The Wind is a Haunting Female Frontier Story
The Western frontier was a difficult place to live. The terrain was rough and the elements unpredictable, but in the early days, there was another, even more trying aspect to life in the wilderness of the frontier: seclusion.
It’s the more difficult mental state of loneliness which is at the centre of The Wind, Emma Tammi’s feature film debut which centers on a woman in the midst of a mental breakdown.
Caitlin Gerard stars as Lizzy Macklin, a young frontierswoman living a simple life so far from anything that there isn’t even a church nearby. Her husband is often away leaving Lizzy to fend for herself, a hardship she endures with no complaint. When a young couple, Emma and Gideon Harper (Julia Goldani Telles and Dylan McTee respectively) move into the nearby cabin, rather than seeing the new neighbours as an occasion to celebrate, Lizzy sees Emma as a chore, a coddled young woman who can’t handle the hardships of life on the frontier and soon enough, the lives of the two couples take a terrible turn.
Though The Wind has a supernatural horror storyline running through it, the most compelling aspects of Tammi’s film have nothing to do with the legitimate scares peppered throughout. First and foremost there are the performances from the women, particularly Gerard who brilliantly portrays Lizzy’s slip into madness. The performance encompasses her completely and the wildness of the character comes through in Gerard’s eyes. Even in moments when she’s having a quiet conversation there’s a flicker of something just a little off playing in the corner of her face; it’s a star-making performance.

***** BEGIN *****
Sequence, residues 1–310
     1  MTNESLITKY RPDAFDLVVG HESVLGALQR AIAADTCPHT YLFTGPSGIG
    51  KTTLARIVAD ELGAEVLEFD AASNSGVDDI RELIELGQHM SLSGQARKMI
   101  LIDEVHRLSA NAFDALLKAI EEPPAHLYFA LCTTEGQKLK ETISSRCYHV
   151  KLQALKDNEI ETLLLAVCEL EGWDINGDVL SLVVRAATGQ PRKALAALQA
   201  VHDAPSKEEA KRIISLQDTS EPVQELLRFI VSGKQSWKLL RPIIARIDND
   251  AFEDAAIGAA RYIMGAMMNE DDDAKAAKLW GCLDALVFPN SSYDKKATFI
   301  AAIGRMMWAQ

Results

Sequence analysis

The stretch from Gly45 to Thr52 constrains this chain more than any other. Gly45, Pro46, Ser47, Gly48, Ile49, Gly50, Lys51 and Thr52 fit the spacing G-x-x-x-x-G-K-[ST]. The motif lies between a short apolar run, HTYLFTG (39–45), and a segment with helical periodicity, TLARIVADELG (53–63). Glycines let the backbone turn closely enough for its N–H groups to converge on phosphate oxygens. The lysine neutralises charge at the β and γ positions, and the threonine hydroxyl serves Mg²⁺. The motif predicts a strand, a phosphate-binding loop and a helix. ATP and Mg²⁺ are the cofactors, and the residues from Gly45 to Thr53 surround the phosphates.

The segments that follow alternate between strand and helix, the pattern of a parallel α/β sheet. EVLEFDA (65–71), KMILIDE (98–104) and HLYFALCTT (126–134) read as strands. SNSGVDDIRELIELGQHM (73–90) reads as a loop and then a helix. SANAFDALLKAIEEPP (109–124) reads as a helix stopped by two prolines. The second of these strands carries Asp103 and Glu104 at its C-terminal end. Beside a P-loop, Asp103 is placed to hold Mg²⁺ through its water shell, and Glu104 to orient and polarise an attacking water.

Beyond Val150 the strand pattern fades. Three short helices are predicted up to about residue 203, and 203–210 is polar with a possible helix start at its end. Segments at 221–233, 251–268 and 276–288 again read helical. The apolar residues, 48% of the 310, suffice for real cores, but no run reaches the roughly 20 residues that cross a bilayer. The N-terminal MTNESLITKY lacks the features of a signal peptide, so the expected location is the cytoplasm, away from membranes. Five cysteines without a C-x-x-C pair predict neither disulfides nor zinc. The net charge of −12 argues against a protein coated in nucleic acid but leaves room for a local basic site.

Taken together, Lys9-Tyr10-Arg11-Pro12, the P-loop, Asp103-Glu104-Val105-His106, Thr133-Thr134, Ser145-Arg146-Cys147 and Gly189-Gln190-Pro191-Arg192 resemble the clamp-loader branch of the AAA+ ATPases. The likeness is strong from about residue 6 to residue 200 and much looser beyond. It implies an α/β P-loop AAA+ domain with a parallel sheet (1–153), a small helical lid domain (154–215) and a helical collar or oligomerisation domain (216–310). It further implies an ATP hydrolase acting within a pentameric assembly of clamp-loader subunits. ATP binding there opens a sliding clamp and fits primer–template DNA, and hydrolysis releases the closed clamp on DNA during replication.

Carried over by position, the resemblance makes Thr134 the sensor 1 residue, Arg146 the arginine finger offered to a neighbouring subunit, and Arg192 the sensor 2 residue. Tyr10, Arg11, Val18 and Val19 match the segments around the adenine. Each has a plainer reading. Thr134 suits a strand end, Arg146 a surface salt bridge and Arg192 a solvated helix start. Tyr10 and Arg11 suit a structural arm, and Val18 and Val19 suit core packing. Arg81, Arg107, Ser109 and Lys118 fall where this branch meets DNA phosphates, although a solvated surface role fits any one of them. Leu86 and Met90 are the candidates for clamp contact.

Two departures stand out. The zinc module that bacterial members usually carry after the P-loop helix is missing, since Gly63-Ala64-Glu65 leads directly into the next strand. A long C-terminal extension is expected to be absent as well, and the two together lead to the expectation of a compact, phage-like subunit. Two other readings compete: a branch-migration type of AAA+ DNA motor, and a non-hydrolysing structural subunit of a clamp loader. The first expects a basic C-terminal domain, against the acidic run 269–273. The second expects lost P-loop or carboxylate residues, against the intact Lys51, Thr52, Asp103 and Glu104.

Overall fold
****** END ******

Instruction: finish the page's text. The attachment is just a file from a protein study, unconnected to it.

Teresa Sutherland’s script is also a small marvel, taking a typical Western set-up and turning it into the story of a woman suffering a mental breakdown while never straying far from the hardship of life on the frontier. Perhaps the most inspired aspect of the script is Sutherland’s well conceived interactions between the men and the women. Though the script doesn’t go as far as it could have to be completely satisfying, when Lizzy finally stands up to her husband and makes him see what she’s been dealing with… it’s a satisfying moment that there could have been more of.
And then there are the aesthetics, the beautiful cinematography from Lyn Moncrief who has previously impressed with his work on Orion and Midnight Son, Ben Lovett’s score which adds an air of eeriness to the haunting visuals and Alexandra Amick’s editing which effectively stitches together two timelines to help tell the story of Lizzy’s downfall.
The Wind is an impressive debut feature that shows director Emma Tammi isn’t afraid to take risks by mixing genres, making deliberate pacing choices and telling challenging stories.